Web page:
UWS Board of Trustee member receives honour
On the list of outstanding Australians in the 2014 Queen's Birthday honours is University of Western Sydney Board of Trustee member, Christopher Brown AM.
Mr Brown has been acknowledged for significant service to the tourism, infrastructure and transport sectors through leadership roles, and to the community. He joins the general division of the Order of Australia as a Member (AM).
In addition to his role at UWS, Mr Brown serves on various Government boards: the Commonwealth's 2nd Sydney Airport Steering Committee, National Tourism Strategy Review Committee, Indigenous Leadership Group, Infrastructure Security Panel, the National Disability Council and Brand Australia reference panel.
He is currently working with the NSW and Federal governments, and local agencies, on a plan to develop Parramatta as Australia's next CBD, recognising the growth of Western Sydney and the need for appropriate governance structures, transport infrastructure, social service delivery and community programs to enhance productivity, connectivity and creativity.
Mr Brown's philanthropic interests are in refugee advocacy, Indigenous communities, climate change, spinal injury and public education. He was Co-Chair of SpineSafe and the Friends of Moorong at the Ryde Rehabilitation Centre and served as Honorary Executive Director of the Sport Tourism Youth Foundation, providing over $4 million to disadvantaged, disabled and aboriginal athletes, students and performers.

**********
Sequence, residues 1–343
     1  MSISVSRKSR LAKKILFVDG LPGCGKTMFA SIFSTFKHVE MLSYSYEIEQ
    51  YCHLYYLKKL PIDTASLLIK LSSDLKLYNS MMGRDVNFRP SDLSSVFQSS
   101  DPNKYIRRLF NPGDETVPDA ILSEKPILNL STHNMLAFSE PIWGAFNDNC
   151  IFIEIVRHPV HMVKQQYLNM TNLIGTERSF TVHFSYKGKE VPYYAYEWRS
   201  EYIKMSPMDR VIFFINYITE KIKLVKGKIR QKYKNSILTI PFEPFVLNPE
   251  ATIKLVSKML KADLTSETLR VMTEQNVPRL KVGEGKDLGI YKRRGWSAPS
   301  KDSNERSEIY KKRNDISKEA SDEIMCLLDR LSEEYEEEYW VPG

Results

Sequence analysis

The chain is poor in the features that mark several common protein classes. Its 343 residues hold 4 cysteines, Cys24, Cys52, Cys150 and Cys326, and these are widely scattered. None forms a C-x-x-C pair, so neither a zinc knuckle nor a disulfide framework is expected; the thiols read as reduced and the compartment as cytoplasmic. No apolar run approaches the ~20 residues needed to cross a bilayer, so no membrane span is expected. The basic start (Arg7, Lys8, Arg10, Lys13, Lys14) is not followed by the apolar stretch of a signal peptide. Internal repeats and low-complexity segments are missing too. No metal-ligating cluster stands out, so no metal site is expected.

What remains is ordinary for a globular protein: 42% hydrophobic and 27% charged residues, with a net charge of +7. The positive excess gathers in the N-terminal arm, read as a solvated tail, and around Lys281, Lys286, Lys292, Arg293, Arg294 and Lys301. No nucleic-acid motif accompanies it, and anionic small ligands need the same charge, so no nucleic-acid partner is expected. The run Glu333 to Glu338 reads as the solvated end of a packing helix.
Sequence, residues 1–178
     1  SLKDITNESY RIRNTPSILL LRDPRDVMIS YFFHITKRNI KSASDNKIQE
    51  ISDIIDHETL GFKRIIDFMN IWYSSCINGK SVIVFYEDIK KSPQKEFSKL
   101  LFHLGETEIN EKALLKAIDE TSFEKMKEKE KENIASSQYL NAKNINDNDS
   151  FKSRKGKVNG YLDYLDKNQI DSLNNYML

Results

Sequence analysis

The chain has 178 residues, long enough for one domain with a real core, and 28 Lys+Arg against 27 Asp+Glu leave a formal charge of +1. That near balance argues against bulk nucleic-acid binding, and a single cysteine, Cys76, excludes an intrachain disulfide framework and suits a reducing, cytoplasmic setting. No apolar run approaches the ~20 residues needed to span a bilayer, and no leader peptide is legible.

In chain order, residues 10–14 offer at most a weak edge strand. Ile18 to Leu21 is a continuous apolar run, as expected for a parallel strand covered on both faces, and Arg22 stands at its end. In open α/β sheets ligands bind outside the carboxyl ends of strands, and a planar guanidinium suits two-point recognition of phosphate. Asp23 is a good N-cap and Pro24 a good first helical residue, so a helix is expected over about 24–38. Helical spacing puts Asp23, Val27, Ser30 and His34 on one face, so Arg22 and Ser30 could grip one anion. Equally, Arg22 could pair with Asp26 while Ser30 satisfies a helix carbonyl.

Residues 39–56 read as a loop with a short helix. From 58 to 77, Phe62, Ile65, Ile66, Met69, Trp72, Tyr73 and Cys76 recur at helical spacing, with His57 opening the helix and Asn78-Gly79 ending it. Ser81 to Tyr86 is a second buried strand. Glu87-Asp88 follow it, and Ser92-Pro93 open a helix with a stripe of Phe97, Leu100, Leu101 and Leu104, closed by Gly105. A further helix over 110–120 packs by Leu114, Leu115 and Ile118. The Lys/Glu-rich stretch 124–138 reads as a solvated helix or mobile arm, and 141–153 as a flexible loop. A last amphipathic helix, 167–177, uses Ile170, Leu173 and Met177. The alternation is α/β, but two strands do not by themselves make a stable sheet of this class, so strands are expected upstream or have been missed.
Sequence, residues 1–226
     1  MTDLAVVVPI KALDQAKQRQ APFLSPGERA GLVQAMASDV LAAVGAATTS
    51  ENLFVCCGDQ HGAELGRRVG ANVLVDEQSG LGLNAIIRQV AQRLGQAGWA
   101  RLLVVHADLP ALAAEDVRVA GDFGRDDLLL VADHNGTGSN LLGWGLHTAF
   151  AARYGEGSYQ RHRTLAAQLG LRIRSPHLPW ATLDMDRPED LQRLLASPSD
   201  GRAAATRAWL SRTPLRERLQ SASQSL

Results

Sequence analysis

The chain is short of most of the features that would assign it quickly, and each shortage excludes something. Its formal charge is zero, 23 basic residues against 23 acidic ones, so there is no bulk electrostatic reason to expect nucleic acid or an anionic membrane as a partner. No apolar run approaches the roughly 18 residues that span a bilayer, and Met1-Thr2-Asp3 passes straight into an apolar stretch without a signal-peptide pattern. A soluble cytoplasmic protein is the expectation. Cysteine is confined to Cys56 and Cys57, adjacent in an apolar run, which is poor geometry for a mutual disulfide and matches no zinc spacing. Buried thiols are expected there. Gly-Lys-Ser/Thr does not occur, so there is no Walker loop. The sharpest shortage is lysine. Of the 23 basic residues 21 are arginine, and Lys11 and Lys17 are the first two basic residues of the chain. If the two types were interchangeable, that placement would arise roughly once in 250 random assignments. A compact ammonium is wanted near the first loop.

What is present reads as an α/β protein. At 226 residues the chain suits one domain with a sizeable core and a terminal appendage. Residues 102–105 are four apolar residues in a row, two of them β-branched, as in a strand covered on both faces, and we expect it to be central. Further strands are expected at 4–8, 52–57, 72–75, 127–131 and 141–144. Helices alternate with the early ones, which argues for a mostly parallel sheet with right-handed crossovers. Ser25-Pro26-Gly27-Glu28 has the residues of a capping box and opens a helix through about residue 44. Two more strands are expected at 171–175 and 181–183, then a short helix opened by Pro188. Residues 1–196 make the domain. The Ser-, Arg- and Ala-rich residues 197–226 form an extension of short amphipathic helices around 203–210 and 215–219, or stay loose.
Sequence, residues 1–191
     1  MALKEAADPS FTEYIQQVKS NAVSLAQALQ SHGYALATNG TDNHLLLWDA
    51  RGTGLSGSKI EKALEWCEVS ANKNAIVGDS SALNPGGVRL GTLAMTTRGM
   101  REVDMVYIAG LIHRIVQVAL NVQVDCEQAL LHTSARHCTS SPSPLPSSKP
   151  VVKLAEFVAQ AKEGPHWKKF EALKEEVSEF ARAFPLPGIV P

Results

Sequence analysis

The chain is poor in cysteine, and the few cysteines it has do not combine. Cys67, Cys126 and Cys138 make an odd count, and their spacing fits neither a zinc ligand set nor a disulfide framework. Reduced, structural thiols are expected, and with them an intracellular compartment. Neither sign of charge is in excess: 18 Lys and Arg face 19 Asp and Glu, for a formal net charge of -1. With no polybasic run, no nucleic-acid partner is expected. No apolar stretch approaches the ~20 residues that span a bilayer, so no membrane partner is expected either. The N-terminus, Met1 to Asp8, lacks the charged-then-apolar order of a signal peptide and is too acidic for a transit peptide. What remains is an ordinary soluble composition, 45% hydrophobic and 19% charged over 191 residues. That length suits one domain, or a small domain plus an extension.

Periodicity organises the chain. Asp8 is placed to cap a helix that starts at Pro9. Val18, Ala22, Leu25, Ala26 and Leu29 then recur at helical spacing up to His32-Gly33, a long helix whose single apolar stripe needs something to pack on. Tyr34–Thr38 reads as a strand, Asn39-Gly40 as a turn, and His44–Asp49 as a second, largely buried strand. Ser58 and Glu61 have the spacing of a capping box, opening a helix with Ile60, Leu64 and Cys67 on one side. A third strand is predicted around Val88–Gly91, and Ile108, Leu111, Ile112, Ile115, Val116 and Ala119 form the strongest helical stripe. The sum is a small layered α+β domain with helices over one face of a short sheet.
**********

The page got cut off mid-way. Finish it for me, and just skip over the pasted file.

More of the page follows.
10 June 2014
Photo By: Sally Tsoutas
This article discusses colonial violence against First Nations peoples. There is reference to people who are now deceased.
Western Sydney University announces the departure of Leanne Smith, Executive Director of the Whitlam Institute, and congratulates her on her appointment as the new Chief Executive of the Australian Human Rights Commission.
To better support over 8,000 people living with dementia in the Canterbury-Bankstown region, Western will lead new research exploring the lived experiences of people with dementia and the city’s infrastructure.